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Abstract and Applied Analysis
Volume 2013 (2013), Article ID 487062, 4 pages
A New Second-Order Iteration Method for Solving Nonlinear Equations
1Department of Mathematics and RINS, Gyeongsang National University, Jinju 660-701, Republic of Korea
2School of Computer Science and Mathematics, Hajvery University, 43-52 Industrial Area, Gulberg III, Lahore 54660, Pakistan
3Department of Mathematics, Dong-A University, Busan 614-714, Republic of Korea
Received 26 January 2013; Accepted 13 March 2013
Academic Editor: Gue Lee
Copyright © 2013 Shin Min Kang et al. This is an open access article distributed under the Creative Commons Attribution License, which permits unrestricted use, distribution, and reproduction in any medium, provided the original work is properly cited.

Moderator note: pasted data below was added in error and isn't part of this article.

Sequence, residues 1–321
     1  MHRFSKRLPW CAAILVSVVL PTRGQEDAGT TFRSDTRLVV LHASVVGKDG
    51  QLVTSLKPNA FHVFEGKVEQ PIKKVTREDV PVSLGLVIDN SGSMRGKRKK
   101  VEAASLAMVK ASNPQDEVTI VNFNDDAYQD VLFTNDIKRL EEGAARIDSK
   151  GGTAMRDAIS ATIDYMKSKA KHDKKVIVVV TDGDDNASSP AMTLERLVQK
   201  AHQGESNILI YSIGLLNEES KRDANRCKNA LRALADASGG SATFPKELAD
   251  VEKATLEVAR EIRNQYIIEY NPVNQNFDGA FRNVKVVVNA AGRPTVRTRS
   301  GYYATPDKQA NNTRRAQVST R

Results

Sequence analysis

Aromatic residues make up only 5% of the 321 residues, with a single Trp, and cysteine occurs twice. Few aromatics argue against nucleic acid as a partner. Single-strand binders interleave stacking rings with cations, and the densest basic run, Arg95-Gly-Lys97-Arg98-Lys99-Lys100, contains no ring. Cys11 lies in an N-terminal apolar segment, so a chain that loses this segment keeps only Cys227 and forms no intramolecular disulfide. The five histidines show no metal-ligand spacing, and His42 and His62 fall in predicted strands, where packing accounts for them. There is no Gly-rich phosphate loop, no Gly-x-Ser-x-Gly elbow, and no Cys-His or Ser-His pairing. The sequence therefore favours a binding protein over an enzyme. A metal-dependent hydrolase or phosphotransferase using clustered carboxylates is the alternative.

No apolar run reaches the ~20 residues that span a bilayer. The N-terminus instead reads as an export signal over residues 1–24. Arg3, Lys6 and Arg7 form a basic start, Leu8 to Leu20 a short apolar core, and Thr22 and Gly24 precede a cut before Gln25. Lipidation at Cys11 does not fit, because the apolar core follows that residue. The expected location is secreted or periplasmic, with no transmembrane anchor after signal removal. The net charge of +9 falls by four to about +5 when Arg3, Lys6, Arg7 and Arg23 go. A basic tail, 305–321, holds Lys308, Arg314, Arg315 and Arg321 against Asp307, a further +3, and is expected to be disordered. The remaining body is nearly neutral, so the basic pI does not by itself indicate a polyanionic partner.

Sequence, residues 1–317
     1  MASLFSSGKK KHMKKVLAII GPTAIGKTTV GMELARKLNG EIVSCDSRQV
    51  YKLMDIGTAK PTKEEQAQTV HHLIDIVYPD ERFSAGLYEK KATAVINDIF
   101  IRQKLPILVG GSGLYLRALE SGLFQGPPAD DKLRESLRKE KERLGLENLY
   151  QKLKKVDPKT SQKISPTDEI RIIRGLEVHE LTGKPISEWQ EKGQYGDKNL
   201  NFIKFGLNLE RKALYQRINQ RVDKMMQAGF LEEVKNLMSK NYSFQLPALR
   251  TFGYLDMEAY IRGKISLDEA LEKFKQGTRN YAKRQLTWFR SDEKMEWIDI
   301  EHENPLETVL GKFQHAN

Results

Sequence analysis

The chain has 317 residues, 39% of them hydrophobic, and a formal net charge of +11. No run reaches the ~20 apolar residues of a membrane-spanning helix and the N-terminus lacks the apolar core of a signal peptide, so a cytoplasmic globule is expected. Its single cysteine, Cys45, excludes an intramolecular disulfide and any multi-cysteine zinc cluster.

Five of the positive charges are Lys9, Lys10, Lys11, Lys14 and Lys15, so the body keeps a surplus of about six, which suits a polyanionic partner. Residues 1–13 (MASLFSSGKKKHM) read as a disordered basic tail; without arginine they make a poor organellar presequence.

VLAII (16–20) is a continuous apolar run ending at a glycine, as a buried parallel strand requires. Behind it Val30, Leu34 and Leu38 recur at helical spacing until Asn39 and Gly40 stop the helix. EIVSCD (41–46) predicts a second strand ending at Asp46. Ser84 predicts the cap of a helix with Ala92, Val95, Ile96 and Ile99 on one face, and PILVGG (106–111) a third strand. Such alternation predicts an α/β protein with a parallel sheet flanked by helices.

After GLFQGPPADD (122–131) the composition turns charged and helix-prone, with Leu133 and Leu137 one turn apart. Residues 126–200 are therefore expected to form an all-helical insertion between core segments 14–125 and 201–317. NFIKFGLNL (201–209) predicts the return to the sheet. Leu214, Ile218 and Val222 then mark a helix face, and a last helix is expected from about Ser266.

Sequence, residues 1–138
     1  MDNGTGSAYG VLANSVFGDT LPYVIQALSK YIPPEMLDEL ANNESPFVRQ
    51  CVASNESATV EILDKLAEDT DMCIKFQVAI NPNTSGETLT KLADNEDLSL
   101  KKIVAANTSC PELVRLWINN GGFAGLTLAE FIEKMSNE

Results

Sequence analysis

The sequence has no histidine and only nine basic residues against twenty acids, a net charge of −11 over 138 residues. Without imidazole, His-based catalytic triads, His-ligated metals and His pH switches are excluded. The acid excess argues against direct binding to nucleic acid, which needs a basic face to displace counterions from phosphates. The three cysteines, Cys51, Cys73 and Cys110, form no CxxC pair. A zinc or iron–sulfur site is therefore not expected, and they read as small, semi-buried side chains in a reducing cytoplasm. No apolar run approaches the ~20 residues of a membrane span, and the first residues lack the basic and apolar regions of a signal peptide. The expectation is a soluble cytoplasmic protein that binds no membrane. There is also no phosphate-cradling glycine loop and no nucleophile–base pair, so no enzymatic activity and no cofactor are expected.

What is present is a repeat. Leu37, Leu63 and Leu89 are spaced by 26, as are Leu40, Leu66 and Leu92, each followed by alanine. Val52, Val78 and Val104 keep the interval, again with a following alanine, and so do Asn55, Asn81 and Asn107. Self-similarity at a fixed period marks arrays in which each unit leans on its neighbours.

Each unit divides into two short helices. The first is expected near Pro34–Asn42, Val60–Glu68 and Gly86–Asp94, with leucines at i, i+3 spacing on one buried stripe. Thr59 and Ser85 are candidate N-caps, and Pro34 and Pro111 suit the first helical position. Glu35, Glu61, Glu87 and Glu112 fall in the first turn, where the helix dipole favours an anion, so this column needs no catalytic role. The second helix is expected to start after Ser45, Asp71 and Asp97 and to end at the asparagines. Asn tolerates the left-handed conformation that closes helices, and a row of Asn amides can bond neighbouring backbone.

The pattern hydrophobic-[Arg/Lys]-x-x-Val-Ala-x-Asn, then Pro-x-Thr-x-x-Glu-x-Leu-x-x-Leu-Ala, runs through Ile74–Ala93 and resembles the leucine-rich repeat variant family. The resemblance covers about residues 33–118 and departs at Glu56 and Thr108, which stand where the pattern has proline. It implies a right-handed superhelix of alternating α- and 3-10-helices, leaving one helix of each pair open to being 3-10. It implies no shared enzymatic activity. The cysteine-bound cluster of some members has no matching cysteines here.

We establish a new second-order iteration method for solving nonlinear equations. The efficiency index of the method is 1.4142 which is the same as the Newton-Raphson method. By using some examples, the efficiency of the method is also discussed. It is worth to note that (i) our method is performing very well in comparison to the fixed point method and the method discussed in Babolian and Biazar (2002) and (ii) our method is so simple to apply in comparison to the method discussed in Babolian and Biazar (2002) and involves only first-order derivative but showing second-order convergence and this is not the case in Babolian and Biazar (2002), where the method requires the computations of higher-order derivatives of the nonlinear operator involved in the functional equation.